Little and big things we don't know about the series-phenomenon "Jesus of Nazareth"

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Easter without Robert Powell, Franco Tzefireli and "Jesus of Nazareth" is not Easter!

And there's definitely a good reason that the landmark series is played and re-played every year, raising generations and generations of viewers.

A classic accompaniment to Holy Week, the top religious production ever made for television lives and lives again on our television receivers, as if its myth cannot be paid for by its many repetitions!

Imposing cinematically and magnificently dramatically, the series captivates with the interpretations and representation of the divine drama even the unbelievers, composing an all-encompassing atmosphere that follows you forever.

As if not a day had passed since that March 27, 1977, when it premiered on Italian television RAI 1 and gave humanity scenes of anthology. By the time Easter became the most popular television show and nothing could stand against it, "Jesus of Nazareth" had already set several television viewing records in the countries shown (like the more than 90 million viewers in the United States alone! ), in the four corners of the universe that is, and bring back the 16-18 million dollars of its production.

So let's see what else we don't know about these 371 minutes that changed the course of television and enthused Robert Powell in the place of the most recognizable Christ of all time.

How can the crew not be crucified at every meeting with him on set?

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Rarely do the actors who embody Jesus open and close their eyes. This was Jeffreyli's trick to create a visual mysticism around the character that would not only differentiate him from everyone else, but would also give him a superhuman element. The child Jesus opens and closes his eyes only twice in the Temple and the adult Christ only once in the whole series.

Jeffreyli wanted to play the role of Jesus or Dustin Hoffman or Al Pacino. Robert Powell was destined for Judas!

Seven Oscar winners are in the series: Christopher Plummer (later), Lawrence Olivier, Peter Ustinov, Anne Bancroft, Anthony Quinn, Rod Steiger and Ernest Borgnain. But there are also six Oscar nominees: James Mason, Ian Holm, Ian Bannon, James Earl Jones, Valentina Cortez and Ralph Richardson.

The series was banned in Egypt as religious leaders did not appreciate its content.

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Peter O'Toole had secured the role of Judas, but was forced to give up production due to illness.

Our George Vogiatzis impersonates Joseph and you can see his mouth speaking English, although in the end his voice was dubbed by an infamous actor. Nevertheless, he was excellent in the all star cast.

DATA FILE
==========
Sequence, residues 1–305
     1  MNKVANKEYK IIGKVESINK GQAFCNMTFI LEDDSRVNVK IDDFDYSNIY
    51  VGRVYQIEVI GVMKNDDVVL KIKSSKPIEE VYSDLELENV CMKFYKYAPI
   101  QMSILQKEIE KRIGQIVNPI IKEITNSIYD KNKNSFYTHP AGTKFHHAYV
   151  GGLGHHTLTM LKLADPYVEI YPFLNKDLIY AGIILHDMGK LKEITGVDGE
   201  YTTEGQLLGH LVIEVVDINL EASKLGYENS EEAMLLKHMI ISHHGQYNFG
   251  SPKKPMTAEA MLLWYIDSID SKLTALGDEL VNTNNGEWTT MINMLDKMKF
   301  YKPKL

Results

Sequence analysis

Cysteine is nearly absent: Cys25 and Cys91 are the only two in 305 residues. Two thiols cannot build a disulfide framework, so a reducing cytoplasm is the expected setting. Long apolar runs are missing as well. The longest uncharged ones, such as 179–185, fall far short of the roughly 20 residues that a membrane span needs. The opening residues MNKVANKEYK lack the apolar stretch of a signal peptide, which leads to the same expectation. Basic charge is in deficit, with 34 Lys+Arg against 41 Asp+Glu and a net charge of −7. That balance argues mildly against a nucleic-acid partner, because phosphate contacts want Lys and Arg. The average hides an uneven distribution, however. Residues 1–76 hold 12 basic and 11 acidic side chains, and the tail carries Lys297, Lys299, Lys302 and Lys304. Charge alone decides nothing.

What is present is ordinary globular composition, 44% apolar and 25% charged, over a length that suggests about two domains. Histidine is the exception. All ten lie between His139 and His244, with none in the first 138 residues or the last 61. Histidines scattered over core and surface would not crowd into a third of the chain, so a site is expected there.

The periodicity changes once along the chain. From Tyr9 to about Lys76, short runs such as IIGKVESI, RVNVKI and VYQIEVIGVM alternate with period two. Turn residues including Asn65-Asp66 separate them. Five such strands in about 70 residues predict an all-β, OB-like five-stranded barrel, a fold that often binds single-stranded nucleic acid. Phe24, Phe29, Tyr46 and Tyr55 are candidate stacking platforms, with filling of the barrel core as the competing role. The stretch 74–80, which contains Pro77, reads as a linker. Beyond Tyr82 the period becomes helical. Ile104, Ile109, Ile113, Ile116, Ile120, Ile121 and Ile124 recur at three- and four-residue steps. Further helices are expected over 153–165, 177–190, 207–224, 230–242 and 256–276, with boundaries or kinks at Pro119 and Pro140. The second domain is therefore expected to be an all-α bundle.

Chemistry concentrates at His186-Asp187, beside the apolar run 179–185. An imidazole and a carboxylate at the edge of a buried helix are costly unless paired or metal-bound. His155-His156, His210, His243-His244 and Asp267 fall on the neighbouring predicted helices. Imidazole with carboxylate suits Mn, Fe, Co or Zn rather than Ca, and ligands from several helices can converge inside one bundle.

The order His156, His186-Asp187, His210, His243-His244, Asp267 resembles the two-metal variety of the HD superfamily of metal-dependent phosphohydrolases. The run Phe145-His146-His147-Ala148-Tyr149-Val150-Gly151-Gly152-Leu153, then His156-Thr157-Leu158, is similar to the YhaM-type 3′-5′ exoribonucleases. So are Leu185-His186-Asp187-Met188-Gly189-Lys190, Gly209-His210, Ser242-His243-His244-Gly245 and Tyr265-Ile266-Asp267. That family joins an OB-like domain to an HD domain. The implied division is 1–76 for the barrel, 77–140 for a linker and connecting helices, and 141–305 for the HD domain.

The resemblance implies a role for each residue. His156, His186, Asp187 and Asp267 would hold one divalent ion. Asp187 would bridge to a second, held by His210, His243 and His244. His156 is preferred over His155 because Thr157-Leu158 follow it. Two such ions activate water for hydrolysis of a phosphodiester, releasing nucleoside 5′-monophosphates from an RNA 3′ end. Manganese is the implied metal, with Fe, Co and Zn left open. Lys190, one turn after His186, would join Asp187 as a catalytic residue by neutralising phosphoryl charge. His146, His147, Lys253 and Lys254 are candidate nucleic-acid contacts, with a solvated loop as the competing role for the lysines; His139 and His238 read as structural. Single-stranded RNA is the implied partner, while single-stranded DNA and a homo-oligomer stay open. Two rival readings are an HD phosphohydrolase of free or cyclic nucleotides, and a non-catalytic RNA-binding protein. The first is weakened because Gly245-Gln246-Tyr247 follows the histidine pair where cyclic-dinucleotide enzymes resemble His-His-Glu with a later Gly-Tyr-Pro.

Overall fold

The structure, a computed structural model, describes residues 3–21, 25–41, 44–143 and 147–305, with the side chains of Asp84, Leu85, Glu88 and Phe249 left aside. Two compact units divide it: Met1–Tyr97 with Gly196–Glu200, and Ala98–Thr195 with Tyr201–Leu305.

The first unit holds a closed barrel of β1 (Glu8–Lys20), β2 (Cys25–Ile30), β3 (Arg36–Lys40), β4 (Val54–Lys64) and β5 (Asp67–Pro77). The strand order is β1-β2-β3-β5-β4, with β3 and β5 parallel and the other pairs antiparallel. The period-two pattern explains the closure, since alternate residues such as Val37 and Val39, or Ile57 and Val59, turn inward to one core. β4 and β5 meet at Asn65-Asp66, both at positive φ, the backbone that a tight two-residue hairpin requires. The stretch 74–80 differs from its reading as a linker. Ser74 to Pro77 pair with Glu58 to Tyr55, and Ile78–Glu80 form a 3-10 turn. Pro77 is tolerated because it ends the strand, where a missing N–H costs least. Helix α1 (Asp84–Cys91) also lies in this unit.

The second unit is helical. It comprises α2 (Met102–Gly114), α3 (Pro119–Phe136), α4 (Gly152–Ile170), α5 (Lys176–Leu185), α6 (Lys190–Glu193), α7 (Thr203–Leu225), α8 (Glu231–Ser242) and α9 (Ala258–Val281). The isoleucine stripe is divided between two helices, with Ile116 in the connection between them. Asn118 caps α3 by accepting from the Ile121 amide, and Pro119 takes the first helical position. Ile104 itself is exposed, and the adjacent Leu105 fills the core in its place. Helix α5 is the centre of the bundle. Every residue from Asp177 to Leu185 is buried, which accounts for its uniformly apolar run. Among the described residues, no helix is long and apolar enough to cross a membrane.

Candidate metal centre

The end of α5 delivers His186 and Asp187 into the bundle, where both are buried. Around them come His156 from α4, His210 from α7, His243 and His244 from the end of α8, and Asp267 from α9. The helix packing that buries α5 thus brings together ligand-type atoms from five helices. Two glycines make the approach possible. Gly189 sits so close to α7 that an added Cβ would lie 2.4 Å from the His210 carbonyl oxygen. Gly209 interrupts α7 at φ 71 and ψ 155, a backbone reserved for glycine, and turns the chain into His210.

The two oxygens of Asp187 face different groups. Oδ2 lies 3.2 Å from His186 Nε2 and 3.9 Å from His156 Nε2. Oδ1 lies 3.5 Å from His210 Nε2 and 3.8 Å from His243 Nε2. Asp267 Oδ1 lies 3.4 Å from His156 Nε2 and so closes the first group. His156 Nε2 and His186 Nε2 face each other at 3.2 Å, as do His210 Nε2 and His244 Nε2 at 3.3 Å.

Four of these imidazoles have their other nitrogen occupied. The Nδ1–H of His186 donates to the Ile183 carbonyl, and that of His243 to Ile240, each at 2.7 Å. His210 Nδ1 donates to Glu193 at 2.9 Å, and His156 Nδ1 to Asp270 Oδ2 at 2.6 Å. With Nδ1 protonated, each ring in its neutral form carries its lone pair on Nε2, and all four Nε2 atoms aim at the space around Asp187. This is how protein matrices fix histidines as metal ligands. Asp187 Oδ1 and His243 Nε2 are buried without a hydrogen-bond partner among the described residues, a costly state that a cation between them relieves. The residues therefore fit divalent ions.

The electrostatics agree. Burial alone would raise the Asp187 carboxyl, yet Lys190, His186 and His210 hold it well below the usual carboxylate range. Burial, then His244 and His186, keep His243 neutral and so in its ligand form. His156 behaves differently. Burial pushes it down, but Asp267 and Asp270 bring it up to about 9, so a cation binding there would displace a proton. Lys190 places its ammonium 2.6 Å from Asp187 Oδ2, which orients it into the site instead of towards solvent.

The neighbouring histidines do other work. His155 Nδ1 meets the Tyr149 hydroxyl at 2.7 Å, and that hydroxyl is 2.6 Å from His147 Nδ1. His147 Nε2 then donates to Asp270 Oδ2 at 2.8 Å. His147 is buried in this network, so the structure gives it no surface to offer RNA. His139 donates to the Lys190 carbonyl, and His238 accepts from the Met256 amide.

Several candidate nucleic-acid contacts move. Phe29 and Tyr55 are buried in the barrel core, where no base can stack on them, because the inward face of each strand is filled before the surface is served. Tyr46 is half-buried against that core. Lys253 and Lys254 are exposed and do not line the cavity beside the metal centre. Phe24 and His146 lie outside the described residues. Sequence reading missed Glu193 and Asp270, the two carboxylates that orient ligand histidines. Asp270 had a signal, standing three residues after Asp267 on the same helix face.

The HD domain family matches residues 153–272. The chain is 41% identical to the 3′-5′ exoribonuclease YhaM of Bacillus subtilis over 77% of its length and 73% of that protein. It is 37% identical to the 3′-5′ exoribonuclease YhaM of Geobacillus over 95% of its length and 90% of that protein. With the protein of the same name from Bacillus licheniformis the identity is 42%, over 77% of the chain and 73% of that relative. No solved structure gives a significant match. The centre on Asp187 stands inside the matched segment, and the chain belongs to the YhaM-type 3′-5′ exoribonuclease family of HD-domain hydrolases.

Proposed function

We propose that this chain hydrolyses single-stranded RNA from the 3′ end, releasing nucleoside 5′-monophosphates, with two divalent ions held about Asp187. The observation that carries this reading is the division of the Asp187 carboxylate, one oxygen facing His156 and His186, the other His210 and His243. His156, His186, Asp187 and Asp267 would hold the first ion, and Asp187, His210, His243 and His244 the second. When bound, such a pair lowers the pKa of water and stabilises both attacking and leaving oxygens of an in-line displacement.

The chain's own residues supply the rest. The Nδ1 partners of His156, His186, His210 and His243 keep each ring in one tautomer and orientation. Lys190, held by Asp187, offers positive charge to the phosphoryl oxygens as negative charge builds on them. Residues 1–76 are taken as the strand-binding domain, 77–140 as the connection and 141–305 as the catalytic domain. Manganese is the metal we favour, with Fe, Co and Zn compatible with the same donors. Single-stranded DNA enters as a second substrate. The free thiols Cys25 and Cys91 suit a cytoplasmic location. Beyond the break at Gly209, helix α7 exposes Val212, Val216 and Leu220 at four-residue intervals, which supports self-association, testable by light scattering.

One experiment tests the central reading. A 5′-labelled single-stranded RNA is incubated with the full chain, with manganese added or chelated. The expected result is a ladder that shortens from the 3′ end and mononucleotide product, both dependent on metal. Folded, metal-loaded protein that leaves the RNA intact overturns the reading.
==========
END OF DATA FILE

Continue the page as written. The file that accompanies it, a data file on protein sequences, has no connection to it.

Cefireli fervently wanted Marcello Mastroianni for the role of Pilate, but the two sides did not find it financially. In the end, however, he was justified in his choice of Rod Steiger, saying that he was a "wonderful Pilat".

The screenwriter relied mainly on the Gospel of John and kept as many dialogues as possible faithful to the original scripture of the New Testament, leaving even errors in Aramaic.

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Robert Powell was so similar to the representation of Jesus that every time he came out of the rehearsal room everyone was crucified. In fact, the crew cut insults and insults in respect of His face!

Elizabeth Taylor was eager to play Maria Magdalene, but was replaced by Anne Bancroft.

Jeffreyli wanted to recreate the life of Jesus in the glass in an "ecumenical way", a television series that would be appreciated by everyone, even non-Christians. And so he consulted with experts from the Vatican, the Rabbinic School of London and the Koran School of Morocco. The director wanted the young Jesus to read an excerpt from the Pentateuch on the feast of his religious adulthood, but the little boy did not do well in Hebrew and was replaced in English at the last minute.

As for the idea of ​​creating a television series that would faithfully portray the life of Jesus according to the four Gospels, it was that of Pope Paul VI himself.

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Robert Powell has admitted that before playing in the series, he had little to do with religion. Then, of course, all that changed, as Powell was somehow "haunted" by the role.

Christian television, of course, was rocked by Christian groups because they lived "immersed in sin" with their partner, a dancer. And so, in order to escape the criticism of the released life, the couple got married quickly before the shooting of the series began.

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When the emblematic scene of the crucifixion was filmed, Powell fasted for twelve days to look skeletal. In fact, on the days when the crucifixion was filmed, it was very cold. So during the workshop breaks, instead of raising and lowering Powell from the cross, they wrapped him in a blanket and supplied him with cigarettes and cognac.

Although they never admitted it, "Jesus of Nazareth" inspired Monty Python to make their own spartan version, the unique "Brian's Life" (1979). Jeffreyli's series had left the scenes untouched in Morocco and Tunisia and they were eventually used by the terrible British for their film.